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Reclaiming Mindfulness as Indigenous Medicine

Mindfulness is not a new age secret to be learned; rather, it is an ancient Indigenous way of being to be reclaimed.

Authored by: Andrea Rosenberger-Deleeuw

November 9, 2020

As a social worker, mom of two young girls, community volunteer and a recent university graduate, I am used to life on the go. Since getting involved with Indigenous community organizing in my early 20’s, a substantial amount of my energy has been spent thinking about everything I needed to get done today, and everything that had yet to be done tomorrow: Networking. Planning. Facilitating. Committee meetings. Teaching. Volunteering. Being there for my daughters and other young people in the community. Managing a household. Wake up and do it all again tomorrow.

All of this came to a screeching halt in February with the sudden passing of a friend and colleague. Delaine was my mentor, and a role model for so many.

Guilt gripped my heart and existential crisis settled in my bones:

What is all this for if I don’t have the time to check in with the people I love most in this world?

As life would have it, a global pandemic would shut the world down less than a month later.

Life as I knew it would be changed forever.

Returning to the Land

At the height of social distancing our family started spending more time on the land.

Some of our favorite things are harvesting medicines, picking berries, and going on hunting adventures. The pandemic had carved out time and space for me to rekindle my relationship to the natural world.

I started noticing that when I was on the land, I felt better. Not great, but better.

When I was hit with waves of grief, the rivers washed away my tears.

When I was lonely, the wind came to visit.

When I was angry, the trees met me with understanding.

As time went on it became increasingly obvious that the more time I spent on the land, the more calm and at peace I felt. It was not long before my anxiety levels decreased, my body felt grounded, and my breaths drew slower.

Reclaiming Mindfulness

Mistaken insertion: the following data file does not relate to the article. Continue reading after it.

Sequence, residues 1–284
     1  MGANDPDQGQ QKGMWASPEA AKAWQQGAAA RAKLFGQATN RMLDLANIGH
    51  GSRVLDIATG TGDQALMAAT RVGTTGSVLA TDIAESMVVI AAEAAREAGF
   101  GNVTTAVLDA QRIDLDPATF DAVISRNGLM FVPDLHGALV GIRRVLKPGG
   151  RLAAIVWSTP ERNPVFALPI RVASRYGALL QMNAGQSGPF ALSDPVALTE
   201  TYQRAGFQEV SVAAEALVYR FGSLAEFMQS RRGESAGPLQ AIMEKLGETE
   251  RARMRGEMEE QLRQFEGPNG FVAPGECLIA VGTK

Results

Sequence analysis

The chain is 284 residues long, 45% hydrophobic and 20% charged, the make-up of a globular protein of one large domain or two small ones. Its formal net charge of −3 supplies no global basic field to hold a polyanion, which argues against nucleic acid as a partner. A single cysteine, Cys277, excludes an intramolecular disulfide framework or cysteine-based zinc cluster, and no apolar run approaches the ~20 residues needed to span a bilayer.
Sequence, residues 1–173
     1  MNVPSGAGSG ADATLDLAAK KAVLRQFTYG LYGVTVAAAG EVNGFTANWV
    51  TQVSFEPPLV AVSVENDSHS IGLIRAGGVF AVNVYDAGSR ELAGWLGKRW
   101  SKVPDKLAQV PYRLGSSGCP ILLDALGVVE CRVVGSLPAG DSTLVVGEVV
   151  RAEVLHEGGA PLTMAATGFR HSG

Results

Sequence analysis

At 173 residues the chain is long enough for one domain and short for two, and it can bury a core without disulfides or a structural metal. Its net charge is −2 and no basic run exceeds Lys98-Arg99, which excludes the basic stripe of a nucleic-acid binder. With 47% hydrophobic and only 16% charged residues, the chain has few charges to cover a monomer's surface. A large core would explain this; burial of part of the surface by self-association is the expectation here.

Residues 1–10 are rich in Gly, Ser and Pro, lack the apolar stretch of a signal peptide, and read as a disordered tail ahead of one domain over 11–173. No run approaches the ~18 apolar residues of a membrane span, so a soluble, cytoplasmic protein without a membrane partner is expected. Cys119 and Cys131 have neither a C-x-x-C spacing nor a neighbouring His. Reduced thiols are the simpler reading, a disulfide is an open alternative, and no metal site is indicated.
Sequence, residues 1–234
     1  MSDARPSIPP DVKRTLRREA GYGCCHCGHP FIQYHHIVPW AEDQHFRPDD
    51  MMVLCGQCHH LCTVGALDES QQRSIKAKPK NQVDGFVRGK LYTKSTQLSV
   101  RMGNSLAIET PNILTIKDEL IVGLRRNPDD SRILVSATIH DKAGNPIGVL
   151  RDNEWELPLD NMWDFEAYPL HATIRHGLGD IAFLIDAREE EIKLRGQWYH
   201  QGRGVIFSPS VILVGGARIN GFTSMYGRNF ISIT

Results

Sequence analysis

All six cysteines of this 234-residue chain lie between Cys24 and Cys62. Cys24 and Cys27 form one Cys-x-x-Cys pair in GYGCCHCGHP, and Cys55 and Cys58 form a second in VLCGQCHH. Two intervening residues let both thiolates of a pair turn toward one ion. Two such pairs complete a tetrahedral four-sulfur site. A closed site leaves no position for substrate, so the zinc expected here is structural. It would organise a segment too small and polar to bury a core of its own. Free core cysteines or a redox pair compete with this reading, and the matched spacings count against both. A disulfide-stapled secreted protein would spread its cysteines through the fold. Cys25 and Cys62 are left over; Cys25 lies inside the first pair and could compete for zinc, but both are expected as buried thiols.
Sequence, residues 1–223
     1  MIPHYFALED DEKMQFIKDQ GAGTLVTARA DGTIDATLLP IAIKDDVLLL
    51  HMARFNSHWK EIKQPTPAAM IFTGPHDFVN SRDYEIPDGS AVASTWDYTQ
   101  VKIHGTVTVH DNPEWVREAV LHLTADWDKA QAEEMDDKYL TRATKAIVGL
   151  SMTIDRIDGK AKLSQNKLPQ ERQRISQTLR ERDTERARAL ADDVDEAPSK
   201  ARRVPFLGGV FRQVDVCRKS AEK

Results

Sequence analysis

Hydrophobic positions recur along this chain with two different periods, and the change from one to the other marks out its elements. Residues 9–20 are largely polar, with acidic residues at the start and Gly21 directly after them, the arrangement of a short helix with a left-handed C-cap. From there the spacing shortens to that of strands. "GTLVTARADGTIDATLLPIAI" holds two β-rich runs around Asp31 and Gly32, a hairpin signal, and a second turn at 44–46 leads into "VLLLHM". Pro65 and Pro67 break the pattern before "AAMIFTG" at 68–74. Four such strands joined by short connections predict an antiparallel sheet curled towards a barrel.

In my social work training, I had learned about mindfulness, but it was not something that really resonated with me. If I am being honest, I had written off mindfulness as yet another ploy for new age wellness workers to package and sell as the next big thing. I attended an academic institution that continues to center colonial paradigms, and I often struggled with parsing out what was meant for me as an Indigenous woman.

One day I was in the middle of harvesting raspberries in our yard and giving thanks to the Creator for her abundant gifts, when suddenly everything about mindfulness clicked for me.

Every time I offer tobacco, every time I sing to the plants, every time I harvest medicines, every time I watch as an eagle soars overhead, every time I give thanks to the wind for the visit, I am practicing mindfulness.

Mindfulness is enshrined in every single Indigenous ceremony and tradition. It isn’t a new age secret to be learned; rather, it is an ancient Indigenous way of being to be reclaimed.

Guided by the Land

I could not have gotten to this place of understanding on my own. As Indigenous peoples we know how deeply relationships matter. It was my relationship with the land allowed me to surrender and follow her lead.

Winter is here, and just like the rest of humanity, I am unsure what this next season will bring. From time to time, the land catches me thinking too hard about what the future holds, and how I can mend a world so broken.

Without judgement, the land gently guides me back to the present moment.

And in those moments, I find the capacity to trust that whatever happens, the land and I have all we need to bloom again.

About the Author

Andrea Deleeuw is a Métis-Cree mom of two from northern Alberta, Treaty 8 territory. For nearly a decade, Andrea has worked to support the holistic wellness of the urban Indigenous community in her community through her work and volunteerism. She is the founder of, an Indigenous-led online community intended to educate, promote local initiatives, and welcome people into the circle. Recently, Andrea has begun sharing her journey with nature-based mindfulness on Instagram using the hashtag #landbasedmindfulness.


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